California Enacts Comprehensive E-Discovery Legislation Effective Immediately – Legislation Follows Federal Rules Amendments, but Also Departs in Significant Ways

June 30, 2009

Alert:  Potential Trap for the Unwary re Inaccessible Information

Governor Schwarzenegger yesterday signed into law Assembly Bill 5, the "Electronic Discovery Act," enacting significant electronic discovery amendments to the California Code of Civil Procedure.  Because the legislature deemed it "urgency" legislation, it is effective immediately.  Although the legislation largely follows the 2006 electronic discovery amendments to the Federal Rules of Civil Procedure, it differs in its treatment of inaccessible information (such as backup tapes) and in its safe harbor for lost information.  Of particular note, the Bill requires parties in their written responses to document requests to object to the production of inaccessible information to preserve their objections.  If a party fails to do so, it risks waiving its objection and being forced to produce even inaccessible electronically stored information.

No Presumption Against Production of Inaccessible Information.

The new California law largely turns the federal protection against producing inaccessible information on its head.  The federal rules explicitly acknowledge that no duty exists to produce information from an inaccessible source, providing that a party responding to requests for production need not produce (but in some cases must still preserve) electronically stored information ("ESI") from sources that it identifies as not reasonably accessible because of undue burden or cost, and the requesting party must bring a motion to compel if it wants the information.  See FRCP 26(b)(2)(B).  Thus, under the federal rules, if the ESI is inaccessible, the party simply does not need to produce the documents, although the requesting party may bring a motion to compel in which the burden then shifts to the responding party to demonstrate that it is not reasonably accessible.  Id.

The new California law, by contrast, assumes that all ESI is accessible.  It shifts the balance by not requiring the requesting party to bring a motion to compel in the first instance.  Rather, it provides that the responding party may bring a motion for a protective order.  See CCP § 2031.060(c) (as amended).  Some commentators have expressed a concern that the legislation will require the responding party to bring a motion for a protective order in every case.  The California Judicial Council in its Report on the legislation, however, states that "[t]his is not the intent of the legislation nor will it be its effect."  See Judicial Counsel Report at 5.  It further states that the "usual California discovery procedures will apply to electronic discovery," i.e., the requesting party can bring a motion to compel ESI that the responding party claims is inaccessible (as set forth in amended CCP § 2031.310) or the responding party may bring a motion for a protective order (as set forth in amended CCP § 2031.060).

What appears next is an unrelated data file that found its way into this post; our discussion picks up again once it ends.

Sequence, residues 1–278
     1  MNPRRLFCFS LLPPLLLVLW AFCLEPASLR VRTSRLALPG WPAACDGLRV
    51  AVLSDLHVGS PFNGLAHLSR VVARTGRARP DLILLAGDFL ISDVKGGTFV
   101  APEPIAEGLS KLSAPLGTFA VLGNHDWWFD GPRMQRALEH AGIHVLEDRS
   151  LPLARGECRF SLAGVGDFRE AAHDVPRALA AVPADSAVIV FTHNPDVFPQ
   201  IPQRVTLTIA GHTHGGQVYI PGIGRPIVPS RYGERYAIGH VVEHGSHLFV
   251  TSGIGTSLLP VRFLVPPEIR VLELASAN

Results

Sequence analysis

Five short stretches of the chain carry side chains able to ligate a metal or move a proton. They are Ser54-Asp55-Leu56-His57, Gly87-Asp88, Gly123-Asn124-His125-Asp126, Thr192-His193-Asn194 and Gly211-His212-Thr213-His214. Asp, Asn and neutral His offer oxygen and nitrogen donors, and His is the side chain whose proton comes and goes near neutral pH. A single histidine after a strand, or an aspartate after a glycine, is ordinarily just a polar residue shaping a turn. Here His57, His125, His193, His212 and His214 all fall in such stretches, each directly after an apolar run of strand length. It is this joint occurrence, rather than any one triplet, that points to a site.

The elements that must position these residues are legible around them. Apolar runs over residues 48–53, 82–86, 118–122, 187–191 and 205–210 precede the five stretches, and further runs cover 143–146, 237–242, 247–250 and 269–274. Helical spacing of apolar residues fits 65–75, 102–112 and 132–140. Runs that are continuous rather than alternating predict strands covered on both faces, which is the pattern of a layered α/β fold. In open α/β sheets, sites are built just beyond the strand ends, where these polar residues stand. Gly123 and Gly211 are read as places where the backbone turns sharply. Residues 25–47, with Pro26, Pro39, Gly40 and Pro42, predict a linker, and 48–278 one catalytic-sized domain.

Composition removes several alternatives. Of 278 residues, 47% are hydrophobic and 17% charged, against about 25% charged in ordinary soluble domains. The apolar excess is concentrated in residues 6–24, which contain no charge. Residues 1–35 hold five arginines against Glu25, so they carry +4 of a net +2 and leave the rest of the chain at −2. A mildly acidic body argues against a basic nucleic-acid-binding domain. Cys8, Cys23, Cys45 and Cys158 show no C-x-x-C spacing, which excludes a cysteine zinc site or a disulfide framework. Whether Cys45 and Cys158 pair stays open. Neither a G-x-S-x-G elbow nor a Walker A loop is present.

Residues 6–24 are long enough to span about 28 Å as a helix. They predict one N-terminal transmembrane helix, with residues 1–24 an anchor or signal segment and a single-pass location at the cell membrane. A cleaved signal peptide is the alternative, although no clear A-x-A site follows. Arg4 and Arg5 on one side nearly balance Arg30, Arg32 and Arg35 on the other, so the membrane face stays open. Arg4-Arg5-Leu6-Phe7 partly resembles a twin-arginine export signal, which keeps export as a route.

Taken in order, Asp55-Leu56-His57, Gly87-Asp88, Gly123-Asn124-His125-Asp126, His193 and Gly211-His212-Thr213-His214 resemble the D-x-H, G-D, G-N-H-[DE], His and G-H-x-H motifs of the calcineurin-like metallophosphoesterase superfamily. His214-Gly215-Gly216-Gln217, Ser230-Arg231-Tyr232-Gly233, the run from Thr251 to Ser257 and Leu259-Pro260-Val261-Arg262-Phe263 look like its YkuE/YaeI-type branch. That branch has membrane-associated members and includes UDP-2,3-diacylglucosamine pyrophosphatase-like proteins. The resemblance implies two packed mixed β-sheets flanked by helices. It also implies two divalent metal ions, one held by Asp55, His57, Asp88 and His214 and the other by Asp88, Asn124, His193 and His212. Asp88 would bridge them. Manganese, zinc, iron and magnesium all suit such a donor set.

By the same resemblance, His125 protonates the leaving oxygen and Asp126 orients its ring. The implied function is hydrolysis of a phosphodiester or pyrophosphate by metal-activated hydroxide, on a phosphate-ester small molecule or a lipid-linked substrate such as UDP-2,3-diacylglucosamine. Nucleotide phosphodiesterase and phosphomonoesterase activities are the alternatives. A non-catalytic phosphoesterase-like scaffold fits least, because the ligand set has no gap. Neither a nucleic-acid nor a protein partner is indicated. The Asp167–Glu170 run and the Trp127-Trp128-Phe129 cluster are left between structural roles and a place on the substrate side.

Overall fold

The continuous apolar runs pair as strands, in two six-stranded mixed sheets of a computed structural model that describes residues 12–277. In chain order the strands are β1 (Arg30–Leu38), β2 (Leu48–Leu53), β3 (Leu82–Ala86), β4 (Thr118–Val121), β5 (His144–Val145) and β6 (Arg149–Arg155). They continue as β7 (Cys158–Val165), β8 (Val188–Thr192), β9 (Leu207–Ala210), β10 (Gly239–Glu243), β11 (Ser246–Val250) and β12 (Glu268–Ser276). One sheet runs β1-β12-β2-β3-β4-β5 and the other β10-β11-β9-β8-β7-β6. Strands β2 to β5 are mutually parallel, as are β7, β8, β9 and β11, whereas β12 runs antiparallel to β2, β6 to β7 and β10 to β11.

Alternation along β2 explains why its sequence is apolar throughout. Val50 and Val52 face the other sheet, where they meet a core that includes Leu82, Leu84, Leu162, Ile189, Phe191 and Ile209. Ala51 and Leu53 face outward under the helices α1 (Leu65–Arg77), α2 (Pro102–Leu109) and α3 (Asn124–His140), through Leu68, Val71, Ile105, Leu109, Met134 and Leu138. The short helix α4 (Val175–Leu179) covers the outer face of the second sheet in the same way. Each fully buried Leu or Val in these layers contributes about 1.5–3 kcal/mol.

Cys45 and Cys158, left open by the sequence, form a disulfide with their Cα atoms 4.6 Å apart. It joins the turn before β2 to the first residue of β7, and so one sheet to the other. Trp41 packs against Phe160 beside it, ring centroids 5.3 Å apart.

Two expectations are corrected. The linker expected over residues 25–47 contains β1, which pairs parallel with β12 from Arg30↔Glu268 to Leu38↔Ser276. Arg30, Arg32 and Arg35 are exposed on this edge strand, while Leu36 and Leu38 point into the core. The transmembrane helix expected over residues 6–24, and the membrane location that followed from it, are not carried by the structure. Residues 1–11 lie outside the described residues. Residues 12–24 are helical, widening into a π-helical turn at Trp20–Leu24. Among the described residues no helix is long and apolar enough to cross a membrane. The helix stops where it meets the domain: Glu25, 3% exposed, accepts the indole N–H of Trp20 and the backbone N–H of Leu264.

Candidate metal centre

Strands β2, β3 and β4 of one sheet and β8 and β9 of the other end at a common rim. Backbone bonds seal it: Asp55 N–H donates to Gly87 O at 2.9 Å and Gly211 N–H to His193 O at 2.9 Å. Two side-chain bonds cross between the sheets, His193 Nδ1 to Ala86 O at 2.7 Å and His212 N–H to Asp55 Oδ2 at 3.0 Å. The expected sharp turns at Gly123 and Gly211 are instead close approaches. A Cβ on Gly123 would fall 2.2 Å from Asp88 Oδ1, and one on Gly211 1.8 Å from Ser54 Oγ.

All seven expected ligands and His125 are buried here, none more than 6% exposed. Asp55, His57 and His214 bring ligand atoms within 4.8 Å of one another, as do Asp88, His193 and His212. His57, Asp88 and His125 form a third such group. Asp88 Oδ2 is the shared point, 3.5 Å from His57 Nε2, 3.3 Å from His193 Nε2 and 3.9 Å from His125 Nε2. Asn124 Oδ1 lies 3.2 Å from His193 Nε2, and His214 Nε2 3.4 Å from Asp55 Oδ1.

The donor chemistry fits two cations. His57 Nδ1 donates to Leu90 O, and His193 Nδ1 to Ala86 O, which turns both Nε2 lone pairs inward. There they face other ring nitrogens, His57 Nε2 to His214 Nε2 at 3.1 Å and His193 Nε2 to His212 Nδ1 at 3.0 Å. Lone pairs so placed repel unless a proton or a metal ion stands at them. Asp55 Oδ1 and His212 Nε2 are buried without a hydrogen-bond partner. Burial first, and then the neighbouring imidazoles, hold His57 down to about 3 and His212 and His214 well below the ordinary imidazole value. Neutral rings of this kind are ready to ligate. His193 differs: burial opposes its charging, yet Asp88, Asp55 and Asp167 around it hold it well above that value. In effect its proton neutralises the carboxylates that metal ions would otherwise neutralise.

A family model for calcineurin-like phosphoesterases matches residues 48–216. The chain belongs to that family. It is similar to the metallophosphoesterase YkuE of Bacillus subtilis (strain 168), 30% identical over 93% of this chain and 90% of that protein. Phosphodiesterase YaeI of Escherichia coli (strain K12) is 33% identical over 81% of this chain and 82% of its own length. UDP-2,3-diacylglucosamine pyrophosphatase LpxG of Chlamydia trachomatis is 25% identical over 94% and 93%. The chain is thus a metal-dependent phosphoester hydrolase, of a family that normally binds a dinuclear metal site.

In opposing a motion to compel, the burden remains on the responding party to establish that the ESI is inaccessible.  See CCP § 2031.310(d) (as amended).  As under the federal rules, even if the responding party establishes that the ESI is inaccessible, the court for good cause may nevertheless order its production, although it may order the requesting party to share in the costs of doing so.  See CCP §§ 2031.060(e), 2031.310(f) (as amended).

ALERT:  The Responding Party Arguably Must Object to Preserve Objections to Producing Inaccessible Information.

If a party wants to avoid producing inaccessible ESI, the new California law arguably requires it to object first.  Specifically, it must identify in its written responses the sources of ESI that it asserts are not reasonably accessible.  By doing so, "the responding party preserves any objections it may have" related to that ESI.  See CCP § 2031.210(d) (as amended).  This language suggests that the inaccessibility objections may be waived if a party fails to assert them in their written responses.  Therefore, it will be important for litigation counsel to have an acute understanding of the client’s systems and their accessibility before serving written responses to document requests.  This language also suggests that, contrary to some commentators’ fears that the responding party will always have to file a motion for protective order, a responding party opposing the production of inaccessible ESI may state its objections in its written responses and thereby preserve them, leaving the requesting party with the option of bringing a motion to compel.  See CCP §§ 2031.210(d), 2031.310(d) (as amended).

Form of Production.